Kristin Lindow is vice-president with international rating agency Moody's and the lead analyst responsible for India's sovereign ratings. In 1997, she gave P. Chidambaram's Dream Budget a thumbs down by giving India a negative rating. In an interview with Arindam Mukherjee, she airs her concerns on the future of economic reforms under the UPA government. Excerpts:
How is Moody's looking at the new Indian government?
We have been encouraged by some statements but we are also concerned about the spending mandate inspired by the CMP We are concerned that it might not be consistent with reducing the fiscal deficit in a way we anticipated previously. There may be a near-term future for the (Vijay) Kelkar proposals for the broadening of the tax base. But it's unclear if they'd be levied on rural men which would be against the whole premise of reforms with a human face.
In January, Moody's upgraded India's foreign currency rating to investment grade. Will that change now and what about India's domestic rating which has remained low?
We still believe the foreign currency rating is appropriately investment grade, admittedly low investment grade. Even if there were to be a slowdown or reversal of (foreign) capital flows, the liquidity situation is so strong it would increase payments. The negative outlook on the domestic currency is appropriate because we now see that the ambitions for closing the fiscal gap are less than they were previously and the fact that the revenue deficit would be eliminated in 2009 as opposed to the previous target of 2007 is not encouraging. I'd like to see some more teeth in the Fiscal Responsibility Bill or more specification as to how we go from the current situation to an eventual elimination of the revenue deficit. Of course, there is always going to be a concern about the credibility of the promises because people are still wondering whether or not the Left Front is sufficiently amenable to some of the changes that would be involved.
The Left parties have been advocating an increase in subsidies. What signal does this give foreign investors?
Subsidy reduction had been one of the more reasonable conclusions for the government previously, whether or not it would have been possible is unknown. But now that subsidy reduction seems to be off the table and it may actually increase, it is actually a big setback. From the standpoint of people heading economic policies, including the prime minister, it is somewhat surprising that such categorical statements are made on subsidies.
Both Manmohan Singh and P. Chidambaram have a reputation of being reformers. What signals do they send to the investor community abroad?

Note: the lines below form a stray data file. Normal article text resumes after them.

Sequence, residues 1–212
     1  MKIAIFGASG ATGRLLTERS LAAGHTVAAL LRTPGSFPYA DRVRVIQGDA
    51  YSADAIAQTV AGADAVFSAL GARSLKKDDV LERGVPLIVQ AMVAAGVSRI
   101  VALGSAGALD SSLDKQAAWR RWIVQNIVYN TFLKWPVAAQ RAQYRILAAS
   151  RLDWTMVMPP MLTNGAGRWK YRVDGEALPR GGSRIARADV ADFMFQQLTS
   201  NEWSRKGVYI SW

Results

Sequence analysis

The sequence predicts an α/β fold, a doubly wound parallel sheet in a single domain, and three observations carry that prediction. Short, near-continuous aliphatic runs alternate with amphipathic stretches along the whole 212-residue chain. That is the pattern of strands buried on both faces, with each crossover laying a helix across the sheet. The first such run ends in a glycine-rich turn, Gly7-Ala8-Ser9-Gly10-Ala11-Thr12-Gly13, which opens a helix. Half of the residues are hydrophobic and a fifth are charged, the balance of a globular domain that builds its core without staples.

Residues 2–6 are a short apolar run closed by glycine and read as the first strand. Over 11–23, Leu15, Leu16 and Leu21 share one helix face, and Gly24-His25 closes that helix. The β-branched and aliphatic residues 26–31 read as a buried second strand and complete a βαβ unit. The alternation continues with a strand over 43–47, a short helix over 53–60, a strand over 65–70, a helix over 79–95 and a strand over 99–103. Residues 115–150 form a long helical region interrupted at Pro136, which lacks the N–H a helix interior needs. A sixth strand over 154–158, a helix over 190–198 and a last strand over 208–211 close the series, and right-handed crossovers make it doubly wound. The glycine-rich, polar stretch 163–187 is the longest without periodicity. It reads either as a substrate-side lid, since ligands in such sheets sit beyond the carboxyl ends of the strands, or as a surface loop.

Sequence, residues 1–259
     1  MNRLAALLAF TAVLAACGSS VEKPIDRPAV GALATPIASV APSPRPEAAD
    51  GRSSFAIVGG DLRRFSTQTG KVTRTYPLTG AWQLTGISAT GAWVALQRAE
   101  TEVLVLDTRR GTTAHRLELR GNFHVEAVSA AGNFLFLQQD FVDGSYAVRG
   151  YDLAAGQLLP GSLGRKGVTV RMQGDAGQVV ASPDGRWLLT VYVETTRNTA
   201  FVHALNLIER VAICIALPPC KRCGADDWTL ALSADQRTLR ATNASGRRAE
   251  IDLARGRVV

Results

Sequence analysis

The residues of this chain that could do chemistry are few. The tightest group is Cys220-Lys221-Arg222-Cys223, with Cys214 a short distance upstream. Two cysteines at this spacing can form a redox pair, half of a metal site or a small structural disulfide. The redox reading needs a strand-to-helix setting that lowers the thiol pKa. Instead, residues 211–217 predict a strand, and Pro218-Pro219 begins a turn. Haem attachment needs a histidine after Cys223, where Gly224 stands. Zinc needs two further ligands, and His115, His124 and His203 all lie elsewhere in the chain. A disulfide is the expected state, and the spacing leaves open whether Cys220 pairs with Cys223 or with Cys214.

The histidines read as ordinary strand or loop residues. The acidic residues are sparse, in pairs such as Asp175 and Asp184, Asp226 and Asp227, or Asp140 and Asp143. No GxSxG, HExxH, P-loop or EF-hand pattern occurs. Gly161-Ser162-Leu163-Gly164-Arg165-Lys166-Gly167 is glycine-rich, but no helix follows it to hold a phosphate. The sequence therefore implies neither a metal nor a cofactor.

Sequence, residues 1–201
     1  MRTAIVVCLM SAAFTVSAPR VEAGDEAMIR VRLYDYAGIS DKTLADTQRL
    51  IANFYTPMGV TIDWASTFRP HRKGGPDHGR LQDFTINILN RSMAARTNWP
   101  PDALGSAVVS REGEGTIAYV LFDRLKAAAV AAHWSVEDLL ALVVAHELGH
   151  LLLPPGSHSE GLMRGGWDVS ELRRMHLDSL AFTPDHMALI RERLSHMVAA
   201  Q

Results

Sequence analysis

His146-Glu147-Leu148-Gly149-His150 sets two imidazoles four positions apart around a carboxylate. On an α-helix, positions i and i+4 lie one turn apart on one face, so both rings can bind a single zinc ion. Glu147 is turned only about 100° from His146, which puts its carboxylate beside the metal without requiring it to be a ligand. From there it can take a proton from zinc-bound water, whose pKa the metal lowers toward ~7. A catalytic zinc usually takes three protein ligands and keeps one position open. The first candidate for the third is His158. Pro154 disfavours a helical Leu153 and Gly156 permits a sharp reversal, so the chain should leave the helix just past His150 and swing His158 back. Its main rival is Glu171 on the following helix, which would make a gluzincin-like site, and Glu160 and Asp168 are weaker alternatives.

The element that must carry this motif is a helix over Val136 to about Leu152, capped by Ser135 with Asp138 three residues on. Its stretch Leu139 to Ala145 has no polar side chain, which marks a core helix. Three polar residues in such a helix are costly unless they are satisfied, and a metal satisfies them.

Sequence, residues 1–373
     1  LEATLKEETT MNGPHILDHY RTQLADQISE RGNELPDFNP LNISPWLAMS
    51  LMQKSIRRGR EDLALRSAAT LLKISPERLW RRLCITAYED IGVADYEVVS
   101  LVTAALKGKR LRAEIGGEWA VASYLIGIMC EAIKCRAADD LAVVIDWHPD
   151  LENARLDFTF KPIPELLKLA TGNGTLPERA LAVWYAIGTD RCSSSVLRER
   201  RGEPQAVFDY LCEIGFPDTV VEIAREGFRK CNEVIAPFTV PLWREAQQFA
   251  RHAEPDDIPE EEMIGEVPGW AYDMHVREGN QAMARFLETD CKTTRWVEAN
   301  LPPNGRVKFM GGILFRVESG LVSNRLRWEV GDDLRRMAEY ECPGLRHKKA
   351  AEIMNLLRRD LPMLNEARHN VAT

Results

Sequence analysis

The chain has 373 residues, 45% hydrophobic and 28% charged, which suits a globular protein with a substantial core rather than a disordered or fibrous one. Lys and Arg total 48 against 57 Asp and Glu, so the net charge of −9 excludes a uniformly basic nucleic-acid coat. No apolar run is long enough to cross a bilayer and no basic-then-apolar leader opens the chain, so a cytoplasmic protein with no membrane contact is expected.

To have an economist as the prime minister is somewhat unusual and I think it shows that the government would be serious about managing economic policy in a serious and prudent way.
Do you think the government will have the freedom to undertake reforms in a desirable way?
There are other people in the Congress who'll be sniping at these leaders, specially Manmohan Singh. But I suspect they'll have freedom to work on economic policy. You have more of a problem coming from the Left. They'll want to get in the way. The issue is how willing they'll be to fight the ministers who decide to undertake reforms inconsistent with their ideology. It will be a game of brinksmanship. We'll get a lot of indication from this budget. And we'll get a lot of information from the next. Of course, no one wants to wait even till July, much worse next February.
The new government has ruled out disinvestment in oil companies and in other profit-making PSUs....
To privatise non-profitable companies is kind of unrealistic. There are lots of profitable and could-be profitable companies which need capital induction but the government does not have the resources. You know how many gyrations have happened on disinvestment over the years. This is one area where you often have reversals. And they keep saying India's reforms are irreversible.
The CMP promises to increase spendings on health and education with no proposals to raise revenues. Still, the government expects a 7-8 per cent gdp growth. Is this possible?
It would be absolutely inappropriate to increase spending that quickly. They also don't have the resources to expand education and health spending to these levels immediately. It is certainly appropriate in the long term for these areas to constitute larger shares of the budget. The problem is the government has huge debt and spends a third on interest. You have to look at the debt dynamics; that requires a discipline in a lot of areas. But we know where these people (the PM and the FM) stand on reforms, they understand what needs to be done. The problem is in getting it done. The political realities are a bit difficult in India. It's more difficult now.
So what is Moody's outlook for India?
If you go back to a more normal agricultural growth, all you can expect is 6.5 per cent this year despite the uncertainty. You have an underlying momentum, but not as rapid as India needs in terms of employment. India needs China rates of growth. As far as fiscal deficit is concerned, it's not as though you have a big fiscal deficit but in terms of government spending, it is big considering that it's not such a big government.
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